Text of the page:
01/10/2015 - 13:51

Action taken against Mandurah training provider

01/10/2015 - 13:51

Bookmark

Save articles for future reference.

The Western Australian consumer watchdog has handed Mandurah-based A&J Training and Assessment a red card for failing to complete assessments for workers who had completed their high risk work courses.

Andre Bucci could face Supreme Court action if he fails to comply with Consumer Protection's terms.

The Western Australian consumer watchdog has handed Mandurah-based A&J Training and Assessment a red card for failing to complete assessments for workers who had completed their high risk work courses.

Consumer Protection has taken action against the training provider and its sole director Andre Bucci, and has warned that if Mr Bucci fails to comply with its demands, he may face enforcement action in the Supreme Court.

Consumer Protection has alleged that A&J failed to submit licence applications for workers who had completed its high risk work training.

Mr Bucci is required to provide Consumer Protection with a list of trainees who have been issued, or been entitled to be issued, with a notice of assessment after completing the training and assessment.

Consumer Protection said it and WorkSafe had received a number of complaints in recent months from trainees who had paid for and completed their courses but hadn’t had their documentation either submitted for assessment by a registered training organisation, or submitted to WorkSafe to allow a licence to be issued.

 “A&J, as a training provider, must submit the notice of assessment to a RTO which then issues a statement of attainment,” Consumer Protection said in a statement.

“This documentation should then be submitted with the supporting documents and necessary fees to WorkSafe, at which point a licence for that specific class of high risk work would be considered.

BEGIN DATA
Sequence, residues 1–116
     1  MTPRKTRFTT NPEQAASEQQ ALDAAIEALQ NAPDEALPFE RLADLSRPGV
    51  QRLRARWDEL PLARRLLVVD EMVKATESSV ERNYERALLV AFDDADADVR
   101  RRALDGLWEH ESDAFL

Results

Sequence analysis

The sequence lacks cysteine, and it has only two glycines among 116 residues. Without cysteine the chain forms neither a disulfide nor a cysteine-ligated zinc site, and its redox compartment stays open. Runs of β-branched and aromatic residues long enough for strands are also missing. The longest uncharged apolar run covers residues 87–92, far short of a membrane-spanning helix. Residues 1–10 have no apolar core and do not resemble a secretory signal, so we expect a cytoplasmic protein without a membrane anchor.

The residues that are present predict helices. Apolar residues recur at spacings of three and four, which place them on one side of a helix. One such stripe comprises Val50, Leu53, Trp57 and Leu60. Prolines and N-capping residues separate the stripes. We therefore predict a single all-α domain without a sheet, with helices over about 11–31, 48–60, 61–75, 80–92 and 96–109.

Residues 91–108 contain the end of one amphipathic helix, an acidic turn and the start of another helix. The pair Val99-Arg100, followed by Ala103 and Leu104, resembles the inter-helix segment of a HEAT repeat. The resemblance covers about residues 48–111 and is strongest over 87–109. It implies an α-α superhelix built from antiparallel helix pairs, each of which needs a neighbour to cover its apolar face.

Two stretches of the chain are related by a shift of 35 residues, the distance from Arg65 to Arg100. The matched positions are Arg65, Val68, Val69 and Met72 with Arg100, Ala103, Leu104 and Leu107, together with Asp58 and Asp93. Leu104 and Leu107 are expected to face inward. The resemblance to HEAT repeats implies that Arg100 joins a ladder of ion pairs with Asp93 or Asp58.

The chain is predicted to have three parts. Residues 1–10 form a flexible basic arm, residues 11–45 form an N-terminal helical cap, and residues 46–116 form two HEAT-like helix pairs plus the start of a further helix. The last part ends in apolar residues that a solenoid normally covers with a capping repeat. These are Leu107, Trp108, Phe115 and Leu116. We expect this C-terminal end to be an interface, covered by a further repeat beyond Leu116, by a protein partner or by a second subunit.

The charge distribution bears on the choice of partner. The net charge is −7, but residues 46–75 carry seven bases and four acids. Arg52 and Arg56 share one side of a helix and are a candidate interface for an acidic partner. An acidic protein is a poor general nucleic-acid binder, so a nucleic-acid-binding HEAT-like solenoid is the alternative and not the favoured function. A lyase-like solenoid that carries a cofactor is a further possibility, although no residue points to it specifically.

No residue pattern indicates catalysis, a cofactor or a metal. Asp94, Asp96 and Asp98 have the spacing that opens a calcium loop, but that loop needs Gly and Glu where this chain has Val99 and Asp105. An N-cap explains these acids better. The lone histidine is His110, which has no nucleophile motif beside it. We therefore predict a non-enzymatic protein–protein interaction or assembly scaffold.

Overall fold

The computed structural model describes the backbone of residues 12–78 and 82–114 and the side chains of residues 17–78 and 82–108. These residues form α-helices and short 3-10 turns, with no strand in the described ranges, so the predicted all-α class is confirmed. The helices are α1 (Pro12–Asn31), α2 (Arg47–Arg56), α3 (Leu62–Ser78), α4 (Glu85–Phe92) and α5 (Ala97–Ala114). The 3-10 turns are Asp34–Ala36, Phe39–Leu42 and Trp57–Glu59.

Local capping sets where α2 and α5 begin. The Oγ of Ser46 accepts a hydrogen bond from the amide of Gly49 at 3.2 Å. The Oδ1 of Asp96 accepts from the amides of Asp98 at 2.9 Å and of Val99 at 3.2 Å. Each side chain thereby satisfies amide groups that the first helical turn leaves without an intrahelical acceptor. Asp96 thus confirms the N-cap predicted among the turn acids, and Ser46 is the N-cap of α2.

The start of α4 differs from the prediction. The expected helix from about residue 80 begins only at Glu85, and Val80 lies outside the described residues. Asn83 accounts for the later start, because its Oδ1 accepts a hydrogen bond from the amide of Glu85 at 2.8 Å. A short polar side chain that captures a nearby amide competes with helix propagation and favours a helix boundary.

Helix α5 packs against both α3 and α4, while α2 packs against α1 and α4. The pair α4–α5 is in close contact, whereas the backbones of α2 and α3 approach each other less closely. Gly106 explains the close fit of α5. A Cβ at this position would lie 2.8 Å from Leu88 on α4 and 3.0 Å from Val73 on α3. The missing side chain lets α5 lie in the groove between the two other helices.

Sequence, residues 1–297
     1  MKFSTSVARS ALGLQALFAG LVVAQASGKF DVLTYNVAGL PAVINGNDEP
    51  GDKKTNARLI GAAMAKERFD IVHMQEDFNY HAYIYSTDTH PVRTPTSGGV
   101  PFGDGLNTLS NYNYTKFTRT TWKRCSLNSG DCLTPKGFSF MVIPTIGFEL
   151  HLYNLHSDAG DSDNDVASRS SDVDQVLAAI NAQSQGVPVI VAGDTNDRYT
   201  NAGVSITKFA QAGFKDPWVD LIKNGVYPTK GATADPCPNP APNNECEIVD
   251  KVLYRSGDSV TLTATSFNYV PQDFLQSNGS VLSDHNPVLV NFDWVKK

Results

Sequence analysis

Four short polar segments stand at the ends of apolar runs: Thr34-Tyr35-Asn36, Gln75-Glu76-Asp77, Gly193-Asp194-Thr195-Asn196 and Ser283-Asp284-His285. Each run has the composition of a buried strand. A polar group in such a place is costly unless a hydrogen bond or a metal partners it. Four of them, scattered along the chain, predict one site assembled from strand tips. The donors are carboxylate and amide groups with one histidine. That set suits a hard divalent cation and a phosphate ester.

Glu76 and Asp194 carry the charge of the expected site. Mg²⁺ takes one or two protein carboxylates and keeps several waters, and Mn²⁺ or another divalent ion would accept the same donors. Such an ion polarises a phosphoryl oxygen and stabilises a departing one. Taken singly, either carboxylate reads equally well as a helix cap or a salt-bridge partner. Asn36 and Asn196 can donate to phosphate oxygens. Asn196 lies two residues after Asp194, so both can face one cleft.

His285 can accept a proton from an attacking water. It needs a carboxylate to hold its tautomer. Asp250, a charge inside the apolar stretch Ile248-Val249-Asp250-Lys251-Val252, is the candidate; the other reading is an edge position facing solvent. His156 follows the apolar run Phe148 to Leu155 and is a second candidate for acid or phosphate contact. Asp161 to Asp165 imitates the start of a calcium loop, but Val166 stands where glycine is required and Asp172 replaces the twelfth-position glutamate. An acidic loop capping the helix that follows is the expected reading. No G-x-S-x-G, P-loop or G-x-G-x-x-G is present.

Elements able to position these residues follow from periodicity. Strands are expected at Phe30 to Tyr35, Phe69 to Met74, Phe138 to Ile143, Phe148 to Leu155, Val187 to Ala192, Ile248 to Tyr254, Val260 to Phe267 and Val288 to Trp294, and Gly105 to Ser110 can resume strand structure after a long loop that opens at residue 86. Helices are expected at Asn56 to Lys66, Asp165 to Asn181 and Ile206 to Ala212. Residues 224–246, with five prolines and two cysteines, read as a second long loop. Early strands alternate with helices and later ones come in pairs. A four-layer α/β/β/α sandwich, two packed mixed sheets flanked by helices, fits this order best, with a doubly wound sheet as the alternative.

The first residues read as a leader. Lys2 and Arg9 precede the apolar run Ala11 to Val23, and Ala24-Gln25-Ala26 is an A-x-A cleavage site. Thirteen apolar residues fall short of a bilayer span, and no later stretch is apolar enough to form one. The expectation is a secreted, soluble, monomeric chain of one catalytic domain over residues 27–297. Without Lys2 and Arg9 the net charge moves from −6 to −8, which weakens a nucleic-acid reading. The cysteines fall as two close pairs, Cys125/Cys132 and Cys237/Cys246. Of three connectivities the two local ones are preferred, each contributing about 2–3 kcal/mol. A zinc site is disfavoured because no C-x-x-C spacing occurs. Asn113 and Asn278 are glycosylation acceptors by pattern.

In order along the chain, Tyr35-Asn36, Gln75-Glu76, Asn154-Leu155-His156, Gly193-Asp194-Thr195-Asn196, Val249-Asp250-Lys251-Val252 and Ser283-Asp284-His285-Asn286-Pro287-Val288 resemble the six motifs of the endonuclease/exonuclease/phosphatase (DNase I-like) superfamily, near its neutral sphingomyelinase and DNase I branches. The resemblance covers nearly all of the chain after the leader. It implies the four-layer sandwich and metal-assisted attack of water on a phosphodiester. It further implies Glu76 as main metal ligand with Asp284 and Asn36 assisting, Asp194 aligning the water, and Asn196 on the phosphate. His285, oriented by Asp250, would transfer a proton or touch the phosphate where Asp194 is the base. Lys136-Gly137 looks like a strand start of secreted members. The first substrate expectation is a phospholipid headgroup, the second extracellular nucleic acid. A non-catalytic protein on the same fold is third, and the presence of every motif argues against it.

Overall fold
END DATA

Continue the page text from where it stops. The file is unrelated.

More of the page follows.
“A&J is not an RTO.”

Mr Bucci has 14 days to issue the notice of assessments for trainees who completed the courses and obtain the statement of attainments, or he will be required to refund the affected trainees.

Acting commissioner for Consumer Protection Gary Newcombe said to accept payment for a service but not deliver is in breach of the Australian consumer law.

“We are concerned that the failure of Mr Bucci and his company to complete the licensing process has prevented workers from continuing their trained occupation, causing inconvenience and financial detriment to those involved,” Mr Newcombe said.

“Consumer Protection is working with WorkSafe to ensure that the proper procedures are followed and the correct documentation is submitted in order to issue the relevant licences so workers who have completed the A&J training can get exactly what they paid for.”

The homepage of A&J’s website has since been edited with a notice to past and present students, calling for patience while the company works through the ‘mismanagement of students directly caused by management employed to run the business while Andre and Jasmin were away’.

“All students who have completed a course with A&J will receive the relevant licence, we are currently working on these now,” the notice said.

The news follows a report released by auditor-general Colin Murphy in June, which found that students at more than a third of WA’s RTOs had been exposed to serious breaches, including being taught by unqualified trainers and passing courses despite submitting incomplete or incorrect written assessments.

Of the 323 RTOs checked last year, 35 per cent were found to have either significant or critical non-compliance with national standards, while an additional 22 per cent were assessed as being in minor non-compliance. 

STANDING BY BUSINESS. TRUSTED BY BUSINESS.

Subscription Options